Interview with Paul Liebrandt
What's your favorite new ingredient?
Tapioca maltodextrin. It's a tapioca derivative in powder form. I get it from National Starch. It absorbs fat, so I can turn any fat into a powder. Right now we're making foie gras powder with fresh black truffles and we dust salad with it.
What's the most versatile spice?
I'm fond of the Sarawak pepper from Malaysia. It's a round peppercorn, not a long peppercorn. I use it in everything.
What's the most underused spice?
What items should be in every pantry?
Good olive oil, good fleur de sel and great butter (Devonshire, double cream and salted).
What's your favorite knife?
What's your favorite pan?
What's your favorite place to buy equipment?
JB Prince [jbprince.com].
What do you like to buy online?
Manni Olive oil from the Internet.
What's the kitchen appliance you wish for most?
I would like a cryogenic freezer for freezing the cooks when they misbehave.
If you could design one piece of serving equipment, what would it be?
A piece of marble that you could cook on, like teppanyakiÐbut it would be cold to the touch. You'd heat the marble to cook hot food on it but it would feel completely cold.
What's the best restaurant dish you ate in 2005?
I'd have to say it was at Pierre Gagnaire in Paris. I had a dish of oysters slow cooked with sous vide onions and a gelée of Pata Negra ham.
What's your favorite sushi place?
Masa [in New York City].
What restaurant would you want to eat in once a week?
It's a toss up between El Bulli [in Rosas, Spain] and Pierre Gagnaire. I used to work at Pierre Gagnaire, so I've eaten there tons of times. I've been to El Bulli twice. It's stunningly done stuff with a great sense of humor.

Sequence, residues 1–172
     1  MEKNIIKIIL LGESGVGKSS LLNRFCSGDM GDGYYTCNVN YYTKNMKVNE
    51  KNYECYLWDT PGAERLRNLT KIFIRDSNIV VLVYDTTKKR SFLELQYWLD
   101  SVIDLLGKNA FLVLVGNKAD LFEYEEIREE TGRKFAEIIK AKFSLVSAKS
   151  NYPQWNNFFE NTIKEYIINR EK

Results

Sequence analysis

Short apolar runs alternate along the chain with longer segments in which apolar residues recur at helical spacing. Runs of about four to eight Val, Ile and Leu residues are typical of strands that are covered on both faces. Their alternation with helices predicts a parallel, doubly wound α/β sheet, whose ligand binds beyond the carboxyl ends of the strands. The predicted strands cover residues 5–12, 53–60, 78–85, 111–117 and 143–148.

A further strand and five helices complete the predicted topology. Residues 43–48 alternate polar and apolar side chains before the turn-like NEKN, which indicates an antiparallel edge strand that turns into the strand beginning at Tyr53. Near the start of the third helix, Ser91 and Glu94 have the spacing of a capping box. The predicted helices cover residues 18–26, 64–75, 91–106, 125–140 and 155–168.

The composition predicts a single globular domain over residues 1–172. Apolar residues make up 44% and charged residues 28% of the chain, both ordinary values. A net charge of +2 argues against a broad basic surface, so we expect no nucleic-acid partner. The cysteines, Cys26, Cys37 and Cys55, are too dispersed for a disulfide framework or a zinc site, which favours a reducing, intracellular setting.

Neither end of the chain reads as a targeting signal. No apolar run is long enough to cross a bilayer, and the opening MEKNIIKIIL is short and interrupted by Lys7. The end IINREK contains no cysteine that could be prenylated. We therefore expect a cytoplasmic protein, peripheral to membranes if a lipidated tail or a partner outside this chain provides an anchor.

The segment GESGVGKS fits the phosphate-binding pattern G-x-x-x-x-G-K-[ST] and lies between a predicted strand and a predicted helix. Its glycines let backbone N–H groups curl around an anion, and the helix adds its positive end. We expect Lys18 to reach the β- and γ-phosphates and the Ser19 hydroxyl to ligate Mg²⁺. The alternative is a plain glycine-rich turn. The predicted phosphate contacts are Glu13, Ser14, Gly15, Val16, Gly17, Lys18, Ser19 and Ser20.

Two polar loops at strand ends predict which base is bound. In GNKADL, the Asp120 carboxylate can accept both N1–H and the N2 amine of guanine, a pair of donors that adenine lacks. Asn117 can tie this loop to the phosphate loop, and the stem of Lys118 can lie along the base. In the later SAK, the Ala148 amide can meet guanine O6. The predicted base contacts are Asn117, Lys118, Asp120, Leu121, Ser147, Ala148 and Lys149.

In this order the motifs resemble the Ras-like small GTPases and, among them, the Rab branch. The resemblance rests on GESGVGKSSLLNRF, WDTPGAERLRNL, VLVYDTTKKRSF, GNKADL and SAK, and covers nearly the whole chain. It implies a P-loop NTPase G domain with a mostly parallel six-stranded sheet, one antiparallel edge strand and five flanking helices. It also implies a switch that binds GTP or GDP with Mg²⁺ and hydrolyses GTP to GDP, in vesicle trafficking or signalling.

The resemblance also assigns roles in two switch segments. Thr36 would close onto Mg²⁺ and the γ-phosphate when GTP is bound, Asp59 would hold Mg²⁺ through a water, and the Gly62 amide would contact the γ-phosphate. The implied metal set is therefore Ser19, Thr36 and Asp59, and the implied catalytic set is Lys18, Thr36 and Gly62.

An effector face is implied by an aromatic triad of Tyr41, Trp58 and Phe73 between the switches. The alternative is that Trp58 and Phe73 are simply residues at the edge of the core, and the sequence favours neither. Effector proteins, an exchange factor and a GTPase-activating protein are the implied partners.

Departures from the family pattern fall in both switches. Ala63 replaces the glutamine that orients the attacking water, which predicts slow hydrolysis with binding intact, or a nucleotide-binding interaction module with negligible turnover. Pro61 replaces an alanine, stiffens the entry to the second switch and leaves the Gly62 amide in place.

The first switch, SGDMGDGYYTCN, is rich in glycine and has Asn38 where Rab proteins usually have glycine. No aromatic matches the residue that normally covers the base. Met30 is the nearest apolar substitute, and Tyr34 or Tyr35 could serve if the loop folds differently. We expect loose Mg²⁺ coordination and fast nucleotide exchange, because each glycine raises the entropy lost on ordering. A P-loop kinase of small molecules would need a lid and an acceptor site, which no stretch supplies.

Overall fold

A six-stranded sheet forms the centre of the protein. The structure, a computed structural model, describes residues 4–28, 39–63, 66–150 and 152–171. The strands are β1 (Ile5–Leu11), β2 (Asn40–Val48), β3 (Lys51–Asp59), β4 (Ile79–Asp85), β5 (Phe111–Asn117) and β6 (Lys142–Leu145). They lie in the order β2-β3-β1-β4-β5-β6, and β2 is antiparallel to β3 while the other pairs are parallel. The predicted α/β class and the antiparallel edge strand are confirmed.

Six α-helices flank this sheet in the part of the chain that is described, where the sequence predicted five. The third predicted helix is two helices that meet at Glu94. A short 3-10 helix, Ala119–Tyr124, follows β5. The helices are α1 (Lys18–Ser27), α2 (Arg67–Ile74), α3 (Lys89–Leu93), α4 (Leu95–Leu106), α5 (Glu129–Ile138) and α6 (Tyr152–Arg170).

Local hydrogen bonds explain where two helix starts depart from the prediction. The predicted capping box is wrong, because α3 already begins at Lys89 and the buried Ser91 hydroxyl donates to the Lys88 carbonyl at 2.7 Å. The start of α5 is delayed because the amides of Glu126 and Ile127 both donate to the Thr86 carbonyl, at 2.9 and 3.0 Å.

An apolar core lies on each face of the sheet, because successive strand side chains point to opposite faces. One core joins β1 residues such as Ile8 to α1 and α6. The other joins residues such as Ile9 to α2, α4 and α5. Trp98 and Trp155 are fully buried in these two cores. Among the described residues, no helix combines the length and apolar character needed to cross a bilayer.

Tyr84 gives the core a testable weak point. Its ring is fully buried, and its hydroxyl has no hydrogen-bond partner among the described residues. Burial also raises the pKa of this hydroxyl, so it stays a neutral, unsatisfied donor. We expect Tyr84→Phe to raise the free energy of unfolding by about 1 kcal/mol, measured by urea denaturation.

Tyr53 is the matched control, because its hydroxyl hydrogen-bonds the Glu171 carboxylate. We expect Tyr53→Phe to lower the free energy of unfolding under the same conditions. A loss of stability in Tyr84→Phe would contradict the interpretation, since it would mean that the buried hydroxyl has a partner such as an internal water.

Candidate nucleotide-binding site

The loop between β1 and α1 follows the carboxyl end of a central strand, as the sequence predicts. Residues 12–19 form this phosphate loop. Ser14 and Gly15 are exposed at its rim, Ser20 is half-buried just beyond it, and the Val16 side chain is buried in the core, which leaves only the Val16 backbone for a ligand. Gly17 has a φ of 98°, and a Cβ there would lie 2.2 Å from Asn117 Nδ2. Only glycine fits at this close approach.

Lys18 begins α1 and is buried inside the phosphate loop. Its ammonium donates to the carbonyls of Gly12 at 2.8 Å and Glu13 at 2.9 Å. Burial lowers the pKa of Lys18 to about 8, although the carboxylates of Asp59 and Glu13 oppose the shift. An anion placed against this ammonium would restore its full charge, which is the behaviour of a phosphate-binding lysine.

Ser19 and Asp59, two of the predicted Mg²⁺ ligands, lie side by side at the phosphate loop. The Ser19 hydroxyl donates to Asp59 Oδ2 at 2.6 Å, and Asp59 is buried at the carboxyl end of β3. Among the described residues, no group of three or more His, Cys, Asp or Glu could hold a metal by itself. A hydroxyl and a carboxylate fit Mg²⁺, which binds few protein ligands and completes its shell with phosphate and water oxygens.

Are there any dining trends you see on the rise?
There are always different trendy things people do. Two years ago, people started doing tapas [and small plates] in New York City. Now you don't see it much anymore. I think what will really stick and be important is the cross between fine dining and the not so high-end, like with the opening of Gaya par Pierre Gagnaire [in Paris]. It's more simple, but it's very well-executed food. People will be shying away from three-star Michelin. At Gilt, the dining room isn't four stars, but the food is pushing toward that style. I'm trying to make it less haughty. You get the experience, but you don't have to wear a suit and tie.
A lot of chefs are getting into making things completely from scratch, like cheese. What would you like to make from scratch?
We make our own yogurt. We make our own bread, sorbets and ice cream.
On a scale of one to 10, with one representing an emphasis on using in-season ingredients as simply as possible and 10 championing high-tech, scientific cooking, where do you rank yourself?
Seven. Science is one aspect but you need a starting point. Without good ingredients as a starting point, you are very limited. Science is exploring an idea of an ingredient, but making bread is a science, making ice cream is a science. A good baker really knows about what yeast and humidity does to bread. It's the same thing for an ice cream maker and a chocolatier. That's what I mean when I talk about science. It's more real cooking. That's what I'm about.
What's your favorite cookbook?
White Heat by Marco Pierre White. It's still an inspiration. You see it in the photographs and the food, and it's stunning.
From whom would you most like to take a cooking class?
Apicius, who was a chef during Caesar's day. He was the first ever gastro-inclined chef who had some real recipes and technique. For example, he noted how to cook a lobster. It wasn't just about throwing it in a pot. He advised what else you needed to do. It was the first semblance of moving food toward something that is not just pulling it out of the ground and eating it.
Spanish chef Ferran Adrià has been a big influence on chefs recently; what or who do you think will take his place?
Heston Blumenthal [of the Fat Duck in Bray, England].
If you were given $1,000 to spend on food, equipment, travel or a restaurant meal, what would you buy? What about with $10?
Buy a ticket for each member of my staff and send my staff to Paris and have them eat what I've had the good fortune to already experience. What can you do with $10? I'd get a Pret a Manger sandwich. They're all good.